In a city full of fascinating neighborhoods, the Dallas Design District has carved out an identity all its own. Eclectic yet upscale, the Design District is a key piece of Dallas’ cultural fabric comprised of its namesake interior design showrooms, art galleries, fine dining establishments and, most recently, luxurious apartments and a vibrant live-work-play community.
The area began as a warehouse district in the years following World War Two. A former floodplain, the existence of the Design District was made possible by the city’s construction of several levees and the diversion of the Trinity River away from downtown. When the federal government completed I-35, Trammell Crow, a well-known Dallas-based real estate developer, began construction on several warehouses and industrial buildings in the area and for many years, an industrial area is what the Design District remained.
In the mid 1980’s the area began its gradual metamorphosis as high-end design and furnishings businesses began moving into the area, converting the existing warehouse spaces into showrooms catering to the design trade.
For several decades the area remained relatively isolated from the rest of the city due to lack of easy access, and its collection of design showrooms (and the several art galleries located on Dragon Street,) were frequented almost exclusively by credentialed interior designers. Then, in the early 2000’s, when Trammell Crow added to his Design District portfolio, his team determined the time was right to develop a plan for the burgeoning area.
The Trammell Crow company went on to develop a master plan for the area and create a TIF to assist in defraying infrastructure costs as the plan, which called for residential, dining, retail, hotel and an improved streetscape, began to take shape.
Another important development occurred around the same time as Design District landowners and stakeholders, beginning to realize the area’s true potential thanks in no small part to its proximity to the new Victory Park development and a brand new OakLawn exit off of the Dallas North Tollway, lobbied to rezone the area for retail and residential.
In 2007, the Lionstone Group in partnership with PegasusAblon purchased a large portion of area from Trammell Crow, a good chunk of which sits at what has become the crossroads for the neighborhood, Oak Lawn Avenue and Hi Line Drive, and picked up where Crow left off.
In 2014, Dunhill Partners acquired a large portion of Dallas’ iconic Design District with more than 30 acres and roughly 700,000 square feet of buildings along Oak Lawn Avenue, Hi Line Drive and Stemmons Freeway.
The acquisition included the 7.5-acre Decorative Center complex at Oak Lawn and Hi Line, the 18-acre Dallas Design Center on Stemmons Freeway, as well as a dozen retail and showroom buildings along Oak Lawn Avenue and Hi Line.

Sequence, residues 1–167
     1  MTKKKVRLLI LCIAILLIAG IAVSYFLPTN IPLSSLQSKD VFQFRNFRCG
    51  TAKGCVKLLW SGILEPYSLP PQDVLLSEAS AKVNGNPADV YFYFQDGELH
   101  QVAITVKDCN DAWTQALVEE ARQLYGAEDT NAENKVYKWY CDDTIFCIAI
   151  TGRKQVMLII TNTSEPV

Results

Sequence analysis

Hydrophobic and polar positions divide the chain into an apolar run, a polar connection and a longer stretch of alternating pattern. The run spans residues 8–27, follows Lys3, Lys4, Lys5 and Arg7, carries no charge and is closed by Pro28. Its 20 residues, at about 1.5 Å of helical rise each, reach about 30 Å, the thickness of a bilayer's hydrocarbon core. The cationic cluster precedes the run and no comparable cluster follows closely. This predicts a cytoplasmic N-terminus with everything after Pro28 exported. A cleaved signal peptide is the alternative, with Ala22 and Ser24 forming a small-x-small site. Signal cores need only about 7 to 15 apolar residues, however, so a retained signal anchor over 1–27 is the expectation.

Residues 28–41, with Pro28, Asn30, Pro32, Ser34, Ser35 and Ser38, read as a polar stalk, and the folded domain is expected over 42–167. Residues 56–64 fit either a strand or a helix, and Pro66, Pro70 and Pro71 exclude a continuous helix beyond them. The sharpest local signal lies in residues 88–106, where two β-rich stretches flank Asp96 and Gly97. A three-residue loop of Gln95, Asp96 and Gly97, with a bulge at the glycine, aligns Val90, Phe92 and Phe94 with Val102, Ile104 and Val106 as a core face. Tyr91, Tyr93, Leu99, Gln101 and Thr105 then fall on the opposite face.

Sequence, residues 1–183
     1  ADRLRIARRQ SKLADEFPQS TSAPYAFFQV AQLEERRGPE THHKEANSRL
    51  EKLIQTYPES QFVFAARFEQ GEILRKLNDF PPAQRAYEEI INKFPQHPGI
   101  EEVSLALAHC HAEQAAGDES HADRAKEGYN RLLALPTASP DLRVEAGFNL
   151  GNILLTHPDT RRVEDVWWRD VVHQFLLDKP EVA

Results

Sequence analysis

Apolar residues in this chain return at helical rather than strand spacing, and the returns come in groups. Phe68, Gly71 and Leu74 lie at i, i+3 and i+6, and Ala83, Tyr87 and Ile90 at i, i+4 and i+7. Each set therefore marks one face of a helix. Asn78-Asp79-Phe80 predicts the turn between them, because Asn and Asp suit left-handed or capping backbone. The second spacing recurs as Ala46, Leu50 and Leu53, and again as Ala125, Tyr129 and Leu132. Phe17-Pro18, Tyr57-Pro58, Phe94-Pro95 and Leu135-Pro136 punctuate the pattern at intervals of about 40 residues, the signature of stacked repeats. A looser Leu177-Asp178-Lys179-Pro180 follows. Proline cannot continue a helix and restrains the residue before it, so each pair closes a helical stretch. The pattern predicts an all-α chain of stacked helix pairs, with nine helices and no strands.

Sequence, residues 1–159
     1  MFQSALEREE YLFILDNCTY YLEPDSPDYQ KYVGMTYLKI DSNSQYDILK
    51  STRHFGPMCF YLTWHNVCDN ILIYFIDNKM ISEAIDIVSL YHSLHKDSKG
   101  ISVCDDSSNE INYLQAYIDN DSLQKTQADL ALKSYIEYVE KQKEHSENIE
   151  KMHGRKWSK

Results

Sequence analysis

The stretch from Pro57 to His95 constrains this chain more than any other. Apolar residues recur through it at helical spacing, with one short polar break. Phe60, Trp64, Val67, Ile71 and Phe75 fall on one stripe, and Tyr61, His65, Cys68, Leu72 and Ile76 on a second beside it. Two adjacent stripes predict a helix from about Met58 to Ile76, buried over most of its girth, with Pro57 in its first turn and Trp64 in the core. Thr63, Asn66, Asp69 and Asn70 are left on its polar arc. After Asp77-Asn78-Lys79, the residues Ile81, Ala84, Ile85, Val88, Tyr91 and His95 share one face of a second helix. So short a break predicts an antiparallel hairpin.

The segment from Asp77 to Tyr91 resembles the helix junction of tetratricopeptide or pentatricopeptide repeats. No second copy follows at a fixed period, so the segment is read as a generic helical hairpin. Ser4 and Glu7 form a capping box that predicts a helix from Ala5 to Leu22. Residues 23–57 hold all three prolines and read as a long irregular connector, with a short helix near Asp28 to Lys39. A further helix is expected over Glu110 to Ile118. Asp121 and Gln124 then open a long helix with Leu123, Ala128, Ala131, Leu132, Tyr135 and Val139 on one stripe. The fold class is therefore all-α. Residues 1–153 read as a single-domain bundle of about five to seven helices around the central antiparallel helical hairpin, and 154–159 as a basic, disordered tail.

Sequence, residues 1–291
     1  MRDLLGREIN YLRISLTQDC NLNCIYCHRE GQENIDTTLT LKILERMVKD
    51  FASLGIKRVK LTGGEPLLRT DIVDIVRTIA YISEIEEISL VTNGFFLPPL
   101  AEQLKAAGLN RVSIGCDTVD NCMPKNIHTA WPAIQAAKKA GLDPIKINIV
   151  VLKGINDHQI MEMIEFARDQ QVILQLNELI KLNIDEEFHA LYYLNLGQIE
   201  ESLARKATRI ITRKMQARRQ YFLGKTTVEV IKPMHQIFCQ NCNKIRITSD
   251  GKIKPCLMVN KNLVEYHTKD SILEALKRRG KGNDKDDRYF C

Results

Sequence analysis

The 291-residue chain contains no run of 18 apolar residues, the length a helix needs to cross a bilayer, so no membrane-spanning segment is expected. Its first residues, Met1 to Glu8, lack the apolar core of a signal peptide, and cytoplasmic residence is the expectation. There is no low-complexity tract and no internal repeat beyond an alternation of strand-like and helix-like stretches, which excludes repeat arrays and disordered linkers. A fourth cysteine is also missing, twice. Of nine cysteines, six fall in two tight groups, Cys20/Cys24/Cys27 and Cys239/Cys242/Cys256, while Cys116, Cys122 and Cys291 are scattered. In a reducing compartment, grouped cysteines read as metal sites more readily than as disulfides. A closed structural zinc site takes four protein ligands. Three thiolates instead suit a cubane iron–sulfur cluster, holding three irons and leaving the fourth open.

What You’ll Find Today
If all of the new development has you wondering whether the neighborhood’s namesake industry has retained traction, one trip through the streets of the Design District will assuage your fear. Interior design and home furnishings are still king in the Design District. World-famous fabric houses, stone galleries and lifestyle designers all call the Design District home, allowing the area to boast of its status as the fourth largest consolidated portfolio of designer showroom space in the country.
Decorative Center Dallas was developed over 50 years ago and was the very first center for wholesale design in the country. Today the complex, which sits right at the corner of Oaklawn and Hi Line, is on the cutting edge of the design industry’s advances. In an age of declining showroom sales, the businesses in Dallas don’t seem to be touched by declining in-store sales, instead spearheading industry leading innovations including many formerly trade only businesses opening to the public, bridging the gap between trade and retail.
If you travel further into the neighborhood however, wholesale design trade businesses are still flourishing, many calling the Dallas Design Center home.
But the Design District has grown to become much more than the design industry, the area is now seeing its first apparel retailers who are selling everything from custom tailored men’s suits to women’s fashion.
Art galleries have been migrating to Dragon Street and the farthest corners of the Design District for nearly a decade, making the area the epicenter of the gallery scene in the city, and a place for art lovers to find everything from French Impressionism painting to contemporary installation art.
Slocum Street, sandwiched between Dragon to the west and Hi Line to the east, is internationally renowned for its antique shops which still define the street, but Slocum too has diversified in recent years away from predominantly French and classical antiques (although there are still plenty of those to choose from) to also include mid-century modern furniture and just steps away on Howell Street, some of the coolest vintage and thrift shops in the city.
As the Design District continues to expand to the west over the next few years, into the new and old Trinity Districts that abut the Trinity River, look for more residential and mixed-use development. Entertainment options have diversified with the recent addition of a bowling alley and plans for a large outdoor entertainment facility on Irving Boulevard. Long term plans originally called for a boutique hotel so who knows, in a few years the Design District could very well undergo another significant change but one thing is for sure, development doesn’t look to be slowing anytime soon.